Following the largest Kansas wheat crop in nearly a decade - 382.2 million bushels, according to Kansas Ag Statistics - it appears a smaller Kansas wheat crop could be in store for 2013.
In in its Jan. 11 Crops Report, KASS estimated that Kansas farmers planted 9.3 million acres of wheat for the 2013 crop. This is the second-largest planted acreage in the last five years, but falls 200,000 acres short of the previous year's mark.
Many farmers planted their crop in relatively dry conditions; even after rain and snow events this month the state is abnormally dry, according to farmer-leaders of the Kansas Association of Wheat Growers and Kansas Wheat Commission, who met Jan. 15 in Manhattan.
David Schemm, past-president of KAWG from Sharon Springs, says wheat planted last fall emerged okay, but lack of moisture and has damaged the stand of wheat in his western Kansas fields. In the winter dormancy period, wheat typically retains some green color, but plants in many of his fields are brown.
"If we have good rainfall in the spring, we have a chance for maybe an average crop," Schemm says. If not, it could be a poor harvest this summer.
Jason Ochs, Kansas Wheat Commissioner from Syracuse, says wheat in southwest Kansas ranges in condition from not yet emerged, to too big. "The last snow helped reduce the drought impact, but there are areas where it is still awfully dry," Ochs said. "If we have normal weather from here on out, we could possibly have an average crop."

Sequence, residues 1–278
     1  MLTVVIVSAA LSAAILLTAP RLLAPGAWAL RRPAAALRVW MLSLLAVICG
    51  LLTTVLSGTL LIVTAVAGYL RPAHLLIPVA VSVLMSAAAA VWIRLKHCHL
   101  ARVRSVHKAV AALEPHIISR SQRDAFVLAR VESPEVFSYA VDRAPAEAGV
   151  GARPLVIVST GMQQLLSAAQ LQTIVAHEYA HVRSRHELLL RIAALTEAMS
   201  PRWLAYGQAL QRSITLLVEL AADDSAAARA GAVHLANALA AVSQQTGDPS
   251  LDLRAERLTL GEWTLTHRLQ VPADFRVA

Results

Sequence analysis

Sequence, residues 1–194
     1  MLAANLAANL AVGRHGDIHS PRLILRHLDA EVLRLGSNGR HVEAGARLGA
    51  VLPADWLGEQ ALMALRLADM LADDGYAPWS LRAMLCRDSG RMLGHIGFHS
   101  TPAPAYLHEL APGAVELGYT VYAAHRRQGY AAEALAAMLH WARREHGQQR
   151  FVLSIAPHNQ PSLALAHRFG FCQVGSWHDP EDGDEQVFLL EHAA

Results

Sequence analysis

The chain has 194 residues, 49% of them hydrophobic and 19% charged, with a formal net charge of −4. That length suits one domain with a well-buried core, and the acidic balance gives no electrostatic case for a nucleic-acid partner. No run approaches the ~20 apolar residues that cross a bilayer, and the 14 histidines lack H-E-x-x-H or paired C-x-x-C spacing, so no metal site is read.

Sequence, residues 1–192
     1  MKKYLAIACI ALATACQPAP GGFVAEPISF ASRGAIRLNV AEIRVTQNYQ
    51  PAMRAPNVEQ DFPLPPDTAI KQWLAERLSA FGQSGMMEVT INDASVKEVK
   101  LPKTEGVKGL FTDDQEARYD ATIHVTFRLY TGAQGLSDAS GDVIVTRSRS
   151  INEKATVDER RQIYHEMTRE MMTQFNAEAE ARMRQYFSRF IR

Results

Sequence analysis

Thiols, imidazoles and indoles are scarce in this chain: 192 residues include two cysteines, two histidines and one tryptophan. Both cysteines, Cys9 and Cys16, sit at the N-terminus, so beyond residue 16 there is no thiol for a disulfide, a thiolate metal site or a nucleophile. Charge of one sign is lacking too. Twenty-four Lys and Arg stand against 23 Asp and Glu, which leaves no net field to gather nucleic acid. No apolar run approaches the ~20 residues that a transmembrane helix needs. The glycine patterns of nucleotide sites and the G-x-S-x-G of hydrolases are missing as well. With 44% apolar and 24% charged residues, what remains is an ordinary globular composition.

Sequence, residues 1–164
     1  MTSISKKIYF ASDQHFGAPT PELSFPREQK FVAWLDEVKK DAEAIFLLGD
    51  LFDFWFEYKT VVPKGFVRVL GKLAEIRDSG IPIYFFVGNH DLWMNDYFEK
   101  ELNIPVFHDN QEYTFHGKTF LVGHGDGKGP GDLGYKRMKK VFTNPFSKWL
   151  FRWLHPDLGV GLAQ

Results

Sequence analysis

Randy Fritzemeier, KAWG director near Stafford, said conditions are more favorable in central Kansas. His area has received just enough precipitation to get the crop established, and with several inches of snow earlier in January, the crop has enough topsoil moisture to sustain it through the spring.
Subsoil moisture, however, is another story. Longtime meteorologist Dave Relihan says Kansas is in the midst of its worst drought in 60 years. Rain showers and snowfall the last month have provided temporary drought relief, replenishing dry subsoil profiles would require "1993-like flooding," which won't happen in 2013, he told farmers attending the 2013 Kansas Commodity Classic in Manhattan Jan. 16.
Relihan said this drought's footprint has been massive, and Kansas and northern Oklahoma are in the thick of the drought complex right now. It started in Texas four years ago, and it appears to be breaking up in Texas now, he said.
Although it will be at least a year before Kansas farmers see a return to more normal precipitation levels, the state should receive more rainfall in 2013 than in 2012, giving hope to the wheat crop, although Relihan fears that fall crops could again be impacted by dry weather. In 2014, the drought's hold on Kansas could be much less severe.
Source: Kansas Wheat